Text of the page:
Saying Goodbye for the Season
In October, as neighborhood trees began to show their bright fall colors, the Tree Inventory Project wrapped up another year of data collection. Did you see our data collection team of Community Service Aides measuring trees in your neighborhood over the summer? The crew hit the streets from May to October to identify, map, and measure more than 87,000 trees in 29 neighborhoods. The data they collected contributes to the city’s GIS database of trees growing in the public right-of-way and in public parks.
2023 was the second year of a three-year project to map and collect data on neighborhood street trees citywide. This work updates Portland’s first formal inventory conducted between 2010 and 2016 by Urban Forestry staff and hundreds of dedicated volunteers. The initial inventory surveyed 220,000 street trees across the city. An update of the data helps Urban Forestry track change in the street tree population health and diversity over time.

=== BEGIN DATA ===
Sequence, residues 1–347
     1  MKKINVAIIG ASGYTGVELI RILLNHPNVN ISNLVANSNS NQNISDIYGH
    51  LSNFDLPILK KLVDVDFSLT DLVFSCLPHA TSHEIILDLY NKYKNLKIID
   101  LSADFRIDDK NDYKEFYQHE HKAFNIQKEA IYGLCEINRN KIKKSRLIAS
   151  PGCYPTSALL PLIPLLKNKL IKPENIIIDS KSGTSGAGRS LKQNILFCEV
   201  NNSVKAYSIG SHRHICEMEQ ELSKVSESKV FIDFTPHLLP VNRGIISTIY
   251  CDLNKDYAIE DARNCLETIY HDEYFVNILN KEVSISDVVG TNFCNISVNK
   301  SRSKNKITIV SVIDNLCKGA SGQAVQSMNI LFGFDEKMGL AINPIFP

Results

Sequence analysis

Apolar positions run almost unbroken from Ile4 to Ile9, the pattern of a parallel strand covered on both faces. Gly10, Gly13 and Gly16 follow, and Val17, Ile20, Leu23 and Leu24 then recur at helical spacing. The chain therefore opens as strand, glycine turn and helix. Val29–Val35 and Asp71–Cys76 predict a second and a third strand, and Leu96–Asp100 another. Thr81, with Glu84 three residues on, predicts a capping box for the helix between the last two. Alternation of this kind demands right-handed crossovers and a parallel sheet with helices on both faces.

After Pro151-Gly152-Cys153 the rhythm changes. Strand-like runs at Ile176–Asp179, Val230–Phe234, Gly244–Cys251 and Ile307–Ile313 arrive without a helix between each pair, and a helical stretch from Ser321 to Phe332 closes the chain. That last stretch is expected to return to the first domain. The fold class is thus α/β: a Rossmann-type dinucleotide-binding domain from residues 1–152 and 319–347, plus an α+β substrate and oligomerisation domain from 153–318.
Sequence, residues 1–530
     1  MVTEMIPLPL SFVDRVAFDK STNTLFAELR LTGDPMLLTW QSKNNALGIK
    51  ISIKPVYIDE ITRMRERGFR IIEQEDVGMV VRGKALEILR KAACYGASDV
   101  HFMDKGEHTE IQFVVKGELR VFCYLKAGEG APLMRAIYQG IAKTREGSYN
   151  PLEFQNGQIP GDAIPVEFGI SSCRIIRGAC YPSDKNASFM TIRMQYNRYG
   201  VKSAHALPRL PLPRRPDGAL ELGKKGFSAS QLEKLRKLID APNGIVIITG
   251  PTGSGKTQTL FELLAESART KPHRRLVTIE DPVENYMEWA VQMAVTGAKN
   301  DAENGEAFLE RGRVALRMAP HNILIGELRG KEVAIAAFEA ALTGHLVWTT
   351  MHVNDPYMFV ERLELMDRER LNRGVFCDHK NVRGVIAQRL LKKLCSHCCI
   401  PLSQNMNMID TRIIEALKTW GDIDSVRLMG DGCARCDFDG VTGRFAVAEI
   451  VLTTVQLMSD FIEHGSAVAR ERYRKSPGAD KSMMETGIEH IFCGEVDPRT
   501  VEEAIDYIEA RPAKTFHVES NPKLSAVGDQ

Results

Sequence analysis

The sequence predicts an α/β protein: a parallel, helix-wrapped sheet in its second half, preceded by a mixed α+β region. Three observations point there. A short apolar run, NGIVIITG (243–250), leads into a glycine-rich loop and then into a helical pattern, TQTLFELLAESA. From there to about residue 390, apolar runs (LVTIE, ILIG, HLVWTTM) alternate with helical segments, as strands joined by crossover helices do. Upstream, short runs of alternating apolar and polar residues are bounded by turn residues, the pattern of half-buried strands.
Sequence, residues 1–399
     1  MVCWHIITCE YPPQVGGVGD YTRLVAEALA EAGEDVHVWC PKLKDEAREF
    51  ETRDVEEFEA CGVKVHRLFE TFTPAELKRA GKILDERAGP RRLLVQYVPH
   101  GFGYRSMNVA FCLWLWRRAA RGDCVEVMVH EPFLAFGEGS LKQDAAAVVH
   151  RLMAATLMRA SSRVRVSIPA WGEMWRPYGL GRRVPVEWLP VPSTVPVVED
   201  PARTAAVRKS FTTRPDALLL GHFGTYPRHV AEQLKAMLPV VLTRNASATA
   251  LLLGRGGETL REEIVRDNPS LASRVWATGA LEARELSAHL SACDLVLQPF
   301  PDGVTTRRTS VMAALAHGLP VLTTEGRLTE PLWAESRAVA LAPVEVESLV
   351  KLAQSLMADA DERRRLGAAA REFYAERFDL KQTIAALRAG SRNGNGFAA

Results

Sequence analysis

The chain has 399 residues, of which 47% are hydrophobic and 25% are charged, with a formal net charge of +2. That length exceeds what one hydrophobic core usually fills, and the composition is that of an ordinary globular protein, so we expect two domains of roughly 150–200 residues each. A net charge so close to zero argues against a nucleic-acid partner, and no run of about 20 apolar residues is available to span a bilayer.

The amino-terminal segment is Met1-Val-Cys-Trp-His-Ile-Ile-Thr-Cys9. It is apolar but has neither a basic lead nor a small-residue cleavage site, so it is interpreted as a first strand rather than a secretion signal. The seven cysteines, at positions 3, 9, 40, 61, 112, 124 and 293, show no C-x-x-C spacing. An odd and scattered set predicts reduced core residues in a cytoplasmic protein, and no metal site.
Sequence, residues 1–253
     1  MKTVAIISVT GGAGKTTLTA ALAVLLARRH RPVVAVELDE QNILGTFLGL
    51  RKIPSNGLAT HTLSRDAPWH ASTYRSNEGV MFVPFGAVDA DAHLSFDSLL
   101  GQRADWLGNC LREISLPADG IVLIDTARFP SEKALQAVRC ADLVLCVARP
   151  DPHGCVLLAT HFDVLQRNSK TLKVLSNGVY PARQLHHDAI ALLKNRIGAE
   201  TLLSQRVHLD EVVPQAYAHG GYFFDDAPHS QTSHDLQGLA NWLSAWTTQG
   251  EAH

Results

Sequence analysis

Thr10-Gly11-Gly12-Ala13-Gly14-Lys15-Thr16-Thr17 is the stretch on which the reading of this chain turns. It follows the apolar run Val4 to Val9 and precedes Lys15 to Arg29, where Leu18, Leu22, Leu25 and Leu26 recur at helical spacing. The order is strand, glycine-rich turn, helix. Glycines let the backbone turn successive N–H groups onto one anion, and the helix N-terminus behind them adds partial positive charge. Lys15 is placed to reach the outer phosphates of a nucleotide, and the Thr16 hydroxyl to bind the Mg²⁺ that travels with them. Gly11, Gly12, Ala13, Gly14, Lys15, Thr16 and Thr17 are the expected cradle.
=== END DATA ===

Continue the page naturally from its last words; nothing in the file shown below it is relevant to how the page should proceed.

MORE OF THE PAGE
The Inventory Project
The Tree Inventory Project gathers data on tree species, diameter, condition, and location, as well as information about the tree's planting site. Urban Forestry uses this data to track changes, analyze trends, and plan for the future. For example, a map of Portland’s ash trees created with Street and Park Inventory data helps locate and monitor ash trees in neighborhoods and citywide that are vulnerable to Emerald Ash Borer. The data is also used to plan planting and stewardship efforts and informs the Approved Street Tree Planting List. Interested in learning more about the street trees in your neighborhood? The Inventory map is publicly available on the Urban Forestry website
Urban Forestry’s Science and Policy team is planning a Tree Summit in early 2024 to share findings from this year’s Tree Inventory. Stay tuned to future editions of Tree Bark for more details!
Mark your calendars for early 2024, when we will begin hiring next year’s crew of Community Service Aides for the Tree Inventory.